The extensive suite of Object Management Group (OMG) standards will, ultimately, unify computing from analysis and design through development, deployment, runtime and support.
OMG is an open, member-driven organization, and future directions emerge from the work of its nearly 800 members. Thus, like any other process that tracks developments in our rapidly moving industry, it's hard to see more than a few years into the future. It takes from about 14 to 20 months to create an OMG specification from the time OMG's members publish their requirements as an RFP (request for proposal), which is probably the fastest open consensus-building process in the computer industry. In this article I'll use this lead time to look a year or two into OMG's future. Market trends are another good indicator of trends so I'll include a dose of them too.
Taking all of OMG's technology into consideration, the group has come up with six predictions. If our crystal ball is right, watch for:
In the remainder of this article I'll discuss these predictions in more detail, starting with the new UML release.
- New UML release: A major new release of the Unified Modeling Language (UML), OMG's showcase standard for analysis and design. The role of OMG's Analysis and Design standards - UML, the Meta-Object Facility (the MOF), XML Metadata Interchange (XMI) and the Common Warehouse Metamodel (CWM) - will also expand as more and more enterprises embark on large-scale application integration projects.
- Glue standards: New "glue" standards at the boundaries between OMG's technology areas - Analysis and Design, core CORBA, and Domain facilities - will unify an environment in which applications flow smoothly and automatically from analysis and design, coding and deployment, into support.
- Domain Technology expansion: OMG's Domain Technology program will expand its penetration into vertical-market computing as products based on OMG standards reach the marketplace in finance, healthcare, manufacturing and other areas.
- CORBA marches on: CORBA platform technology will continue to embrace emerging enterprise technologies.
- Core technology comes to market: Recent extensions to the CORBA core technology - in particular, asynchronous and messaging mode invocations and the CORBA Component Model (CCM) - will reach the marketplace and mature.
- COBRA in specialized distributed systems: CORBA will play an increasing role in distributed embedded and real-time systems.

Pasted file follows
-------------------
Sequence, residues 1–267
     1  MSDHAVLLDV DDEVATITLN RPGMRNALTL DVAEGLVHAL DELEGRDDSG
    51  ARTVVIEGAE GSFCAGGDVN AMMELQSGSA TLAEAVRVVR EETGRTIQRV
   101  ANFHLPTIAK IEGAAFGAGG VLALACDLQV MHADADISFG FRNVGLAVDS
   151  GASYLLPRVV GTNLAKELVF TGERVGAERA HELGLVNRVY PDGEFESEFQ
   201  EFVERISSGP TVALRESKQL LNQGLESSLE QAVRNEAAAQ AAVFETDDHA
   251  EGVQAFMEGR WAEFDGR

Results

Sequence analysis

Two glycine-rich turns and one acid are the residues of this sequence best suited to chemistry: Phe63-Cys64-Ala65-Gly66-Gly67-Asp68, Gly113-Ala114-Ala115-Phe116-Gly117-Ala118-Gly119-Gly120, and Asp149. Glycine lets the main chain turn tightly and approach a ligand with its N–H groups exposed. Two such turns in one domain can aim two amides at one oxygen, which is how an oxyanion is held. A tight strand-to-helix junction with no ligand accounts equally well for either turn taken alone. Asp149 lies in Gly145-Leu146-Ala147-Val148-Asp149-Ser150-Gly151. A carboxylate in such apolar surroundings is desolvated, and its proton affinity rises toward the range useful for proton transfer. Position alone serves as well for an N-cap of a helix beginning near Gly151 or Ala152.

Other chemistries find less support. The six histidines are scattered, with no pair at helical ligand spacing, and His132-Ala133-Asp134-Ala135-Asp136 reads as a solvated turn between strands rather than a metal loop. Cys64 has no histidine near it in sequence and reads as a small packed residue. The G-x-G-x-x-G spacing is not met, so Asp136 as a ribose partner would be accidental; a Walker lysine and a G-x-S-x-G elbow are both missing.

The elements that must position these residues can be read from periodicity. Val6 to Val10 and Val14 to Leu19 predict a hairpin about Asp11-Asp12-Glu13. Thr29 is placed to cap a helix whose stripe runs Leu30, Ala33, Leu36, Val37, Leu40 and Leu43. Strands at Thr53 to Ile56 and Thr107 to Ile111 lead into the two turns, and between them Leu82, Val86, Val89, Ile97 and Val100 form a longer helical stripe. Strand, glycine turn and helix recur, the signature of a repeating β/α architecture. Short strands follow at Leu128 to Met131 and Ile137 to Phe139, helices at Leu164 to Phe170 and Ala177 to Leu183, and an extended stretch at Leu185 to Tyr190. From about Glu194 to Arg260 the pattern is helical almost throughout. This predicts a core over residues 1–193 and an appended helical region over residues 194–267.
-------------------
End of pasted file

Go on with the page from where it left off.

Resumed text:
OMG Standards in Analysis and Design
Starting with the UML and branching out, OMG now maintains a suite of standards that unifies both application and data modeling under a common hierarchy. The first extension beyond UML was the Meta-Object Facility (MOF), which standardized both a meta-model and its representation, providing the key foundation elements. It also standardized a repository, confirming that its meta-model was useful in code as well as in concept.
The next extension defined XML Metadata Interchange (XMI). Enterprises invest in a standard model because it is useful in more than one application or tool, but this requires transporting the model from one place to another. XMI is the transport format that allows models to be moved from tool to repository, repository to tool, or from one tool to another. Expressed in XML, XMI combines three industry standards: XML, UML and the MOF.
The most recent addition is the Common Warehouse Metamodel (CWM). Enterprises mine data warehouses for new business opportunities. (Think of this as more ways to earn the money that goes into your paycheck!) But conflicting models in different warehouses within the same company make analysis difficult. For example, engineering and manufacturing use a model that emphasizes how the company's products are put together, while marketing and sales use a model that emphasizes what they do and why customers want to buy them. The two models may even use different terms for the same concepts. CWM overcomes these difficulties without forcing either side to use a model that doesn't meet its needs.
Why are we devoting this much space to modeling standards in a programmer's magazine? As Java matures, it's being used more and more to build huge servers that have to be designed before they get coded. Even if you won't ever design anything yourself using UML, it's likely you'll be asked to code something that someone else did (either that or someone else who can code from a design will get that contract or raise instead of you). We think familiarity with analysis and design techniques and tools is a handy skill for every enterprise programmer.
OMG Analysis and Design Directions
OMG members are currently drafting an RFP for a new major release, UML 2.0. Unlike point releases (UML 1.1, 1.2 and so forth), which can only fix bugs and clarify ambiguities, major releases contain new features. Even the RFP, the requirements document for the new release, involves a lot of work. OMG members expect to issue the RFP for UML 2.0 before the end of 2000; when it does, it will appear on OMG's "Work in Progress" Web page,
www.omg.org/schedule, where you can follow it through the process.
Extending the modeling arena, members are working on a standard covering XMI production of XML schemas. This new work will unify XMI and the MOF with W3C's emerging standard for schema representations in XML.